When the police pull you over for suspicion of intoxicated driving, it’s helpful to have an idea of procedure. The purpose of the stop is for law enforcement officers to administer tests that will determine if you are driving under the influence of drugs or alcohol.

There are three field sobriety tests that are legally accepted in determining whether or not you are intoxicated. These tests are the horizontal gaze nystagmus, the walk and turn, and the one-leg stand. They are designed to test your abilities with balance, coordination, attention, and multitasking.

If you have been pulled over for DUI and administered a field sobriety test, you likely want to know where to go from here. When you are faced with charges of driving under the influence, the DUI lawyers at Confianza Legal have the decades of experience needed to guide you on how to have your charges reduced or dropped.

Reach out to us for a free consultation and continue reading to learn everything you need to know about field sobriety tests and their role in the judicial process.

Horizontal Gaze Nystagmus Test (HGN)

The Horizontal Gaze Nystagmus test (HGN) assesses your ability to control your eye movement. The way the test works is an officer will have you face away from lights so that they can accurately determine the movement of your eyes. The officer will indicate an object, usually a pen, that they will drag over your line of vision, about 12 inches away from your face, and which you have to follow in a straight line.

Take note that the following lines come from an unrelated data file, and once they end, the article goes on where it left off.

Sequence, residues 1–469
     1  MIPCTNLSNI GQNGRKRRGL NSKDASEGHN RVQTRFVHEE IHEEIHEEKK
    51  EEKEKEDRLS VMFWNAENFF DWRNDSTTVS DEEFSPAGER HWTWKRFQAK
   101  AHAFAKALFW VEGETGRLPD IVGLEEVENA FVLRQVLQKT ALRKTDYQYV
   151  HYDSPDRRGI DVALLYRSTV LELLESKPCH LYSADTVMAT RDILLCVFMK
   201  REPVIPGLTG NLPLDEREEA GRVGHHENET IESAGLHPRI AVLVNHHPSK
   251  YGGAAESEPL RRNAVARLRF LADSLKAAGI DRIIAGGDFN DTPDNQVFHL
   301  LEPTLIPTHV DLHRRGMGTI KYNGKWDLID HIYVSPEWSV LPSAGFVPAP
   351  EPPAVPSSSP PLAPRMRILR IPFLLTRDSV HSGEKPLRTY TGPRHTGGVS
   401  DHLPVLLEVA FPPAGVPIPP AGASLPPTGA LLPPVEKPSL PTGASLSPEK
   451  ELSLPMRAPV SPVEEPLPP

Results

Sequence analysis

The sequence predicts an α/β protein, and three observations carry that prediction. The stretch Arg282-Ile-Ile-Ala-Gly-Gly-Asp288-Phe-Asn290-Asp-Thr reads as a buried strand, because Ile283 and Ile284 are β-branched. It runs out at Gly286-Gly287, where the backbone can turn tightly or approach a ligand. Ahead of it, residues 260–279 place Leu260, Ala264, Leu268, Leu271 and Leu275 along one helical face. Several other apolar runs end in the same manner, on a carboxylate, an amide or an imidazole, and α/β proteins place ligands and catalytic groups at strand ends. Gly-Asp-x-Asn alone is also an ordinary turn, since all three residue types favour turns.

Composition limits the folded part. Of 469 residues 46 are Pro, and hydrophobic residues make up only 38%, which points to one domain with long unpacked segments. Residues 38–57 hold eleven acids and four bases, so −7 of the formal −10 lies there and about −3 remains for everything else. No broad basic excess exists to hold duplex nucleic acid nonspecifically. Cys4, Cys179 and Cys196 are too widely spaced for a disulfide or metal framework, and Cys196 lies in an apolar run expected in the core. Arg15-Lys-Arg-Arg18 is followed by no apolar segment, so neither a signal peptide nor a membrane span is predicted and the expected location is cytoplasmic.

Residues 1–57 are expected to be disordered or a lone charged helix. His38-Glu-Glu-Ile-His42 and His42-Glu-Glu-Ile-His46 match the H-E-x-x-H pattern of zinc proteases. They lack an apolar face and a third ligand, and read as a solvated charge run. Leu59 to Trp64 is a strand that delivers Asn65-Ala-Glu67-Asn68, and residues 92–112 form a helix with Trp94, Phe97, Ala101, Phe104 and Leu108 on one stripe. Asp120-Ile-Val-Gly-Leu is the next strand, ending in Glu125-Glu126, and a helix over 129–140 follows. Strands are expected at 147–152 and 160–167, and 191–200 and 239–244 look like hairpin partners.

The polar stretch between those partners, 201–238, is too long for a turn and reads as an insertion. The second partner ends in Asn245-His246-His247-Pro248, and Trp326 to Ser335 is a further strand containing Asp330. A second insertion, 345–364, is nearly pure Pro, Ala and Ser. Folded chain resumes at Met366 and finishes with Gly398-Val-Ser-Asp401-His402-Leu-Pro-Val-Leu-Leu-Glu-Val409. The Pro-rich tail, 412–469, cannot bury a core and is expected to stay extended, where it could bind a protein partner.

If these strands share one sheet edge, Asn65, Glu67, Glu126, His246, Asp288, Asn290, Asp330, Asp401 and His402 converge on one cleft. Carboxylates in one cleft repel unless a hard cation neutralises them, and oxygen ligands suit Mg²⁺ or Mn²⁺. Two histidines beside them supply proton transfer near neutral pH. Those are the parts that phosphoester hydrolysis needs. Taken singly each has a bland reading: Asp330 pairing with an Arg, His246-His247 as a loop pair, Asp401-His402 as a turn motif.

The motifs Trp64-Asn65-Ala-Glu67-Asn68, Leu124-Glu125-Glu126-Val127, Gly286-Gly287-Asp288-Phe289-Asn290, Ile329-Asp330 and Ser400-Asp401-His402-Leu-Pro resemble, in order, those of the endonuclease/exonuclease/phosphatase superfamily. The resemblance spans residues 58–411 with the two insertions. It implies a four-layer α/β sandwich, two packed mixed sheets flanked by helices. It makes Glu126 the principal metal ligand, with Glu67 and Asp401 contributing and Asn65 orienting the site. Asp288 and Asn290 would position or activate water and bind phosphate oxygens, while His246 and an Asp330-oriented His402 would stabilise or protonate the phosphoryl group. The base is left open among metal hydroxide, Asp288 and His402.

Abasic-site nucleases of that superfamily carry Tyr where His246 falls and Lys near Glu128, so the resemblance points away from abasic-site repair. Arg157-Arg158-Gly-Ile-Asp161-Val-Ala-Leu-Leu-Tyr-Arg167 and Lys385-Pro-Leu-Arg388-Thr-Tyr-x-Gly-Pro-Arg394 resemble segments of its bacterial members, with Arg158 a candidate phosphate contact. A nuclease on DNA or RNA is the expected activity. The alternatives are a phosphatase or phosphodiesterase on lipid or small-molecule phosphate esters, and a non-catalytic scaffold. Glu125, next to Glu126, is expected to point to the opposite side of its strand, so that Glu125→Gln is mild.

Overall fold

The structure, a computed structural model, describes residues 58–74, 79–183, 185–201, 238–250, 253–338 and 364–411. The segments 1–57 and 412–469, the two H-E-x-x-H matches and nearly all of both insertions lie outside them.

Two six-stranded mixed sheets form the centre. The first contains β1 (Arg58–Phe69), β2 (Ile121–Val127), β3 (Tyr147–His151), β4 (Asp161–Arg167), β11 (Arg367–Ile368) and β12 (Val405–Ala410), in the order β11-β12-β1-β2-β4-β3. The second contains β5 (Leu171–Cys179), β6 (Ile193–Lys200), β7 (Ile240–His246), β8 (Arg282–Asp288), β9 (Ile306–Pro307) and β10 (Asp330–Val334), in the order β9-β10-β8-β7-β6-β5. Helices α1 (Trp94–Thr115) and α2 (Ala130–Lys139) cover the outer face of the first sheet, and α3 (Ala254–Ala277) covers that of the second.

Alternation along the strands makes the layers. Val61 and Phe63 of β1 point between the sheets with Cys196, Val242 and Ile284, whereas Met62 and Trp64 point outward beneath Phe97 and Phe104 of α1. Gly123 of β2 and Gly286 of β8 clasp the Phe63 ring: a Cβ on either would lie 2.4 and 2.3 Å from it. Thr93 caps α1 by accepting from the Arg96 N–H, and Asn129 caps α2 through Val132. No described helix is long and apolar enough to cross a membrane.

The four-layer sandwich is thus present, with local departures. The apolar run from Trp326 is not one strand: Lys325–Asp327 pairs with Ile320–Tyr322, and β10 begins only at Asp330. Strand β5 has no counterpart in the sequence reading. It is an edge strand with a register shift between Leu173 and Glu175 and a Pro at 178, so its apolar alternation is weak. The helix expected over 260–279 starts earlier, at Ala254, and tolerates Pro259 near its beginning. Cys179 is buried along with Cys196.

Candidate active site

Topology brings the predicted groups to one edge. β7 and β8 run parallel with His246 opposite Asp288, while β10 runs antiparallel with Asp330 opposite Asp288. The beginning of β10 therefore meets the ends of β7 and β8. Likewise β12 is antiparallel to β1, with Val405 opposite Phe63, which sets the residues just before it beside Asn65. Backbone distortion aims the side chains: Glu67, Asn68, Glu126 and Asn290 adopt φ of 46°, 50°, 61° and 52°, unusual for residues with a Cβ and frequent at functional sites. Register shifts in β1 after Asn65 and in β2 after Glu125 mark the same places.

If you are under the influence of alcohol or certain prescription drugs, your eyes will register an involuntary response. At the furthest edge of your vision, the eyes tend to jerk perceptibly. For an intoxicated person, the onset of this tell-tale jerk occurs at lesser angles and is more aggravated, so officers will be looking for an eye response that occurs at 45 degrees from the center and beyond.

Officers will be watching for this jerking, as well as your ability to follow the object fluidly. If you are intoxicated, there is no way for you to resist this jerk of the eyes, as it’s entirely involuntary.

Walk And Turn Test (WAT)

Sometimes referred to as the “nine step test” or the “straight line test,” the walk and turn test (WAT) assesses your coordination. Here is how it’s administered: an officer will ask you to walk nine steps in a straight line, heel to toe. Then, you will turn around on your heel and walk back the same way. As you perform this test, law enforcement will be looking out for seven key signs of intoxication:

  1. You begin the test before the instructions begin
  2. You cannot keep your balance while you are listening to instructions
  3. You stop to retain your balance while walking
  4. You cannot walk heel to toe
  5. You use your arms to balance
  6. You lose balance while you turn
  7. You take an incorrect number of steps

According to the National Highway Traffic Safety Administration, if you exhibit two or more signs of intoxication, there is a 79% chance that you have a blood alcohol content level (BAC) of 0.08 or above.

One-Leg Stand Test (OLS)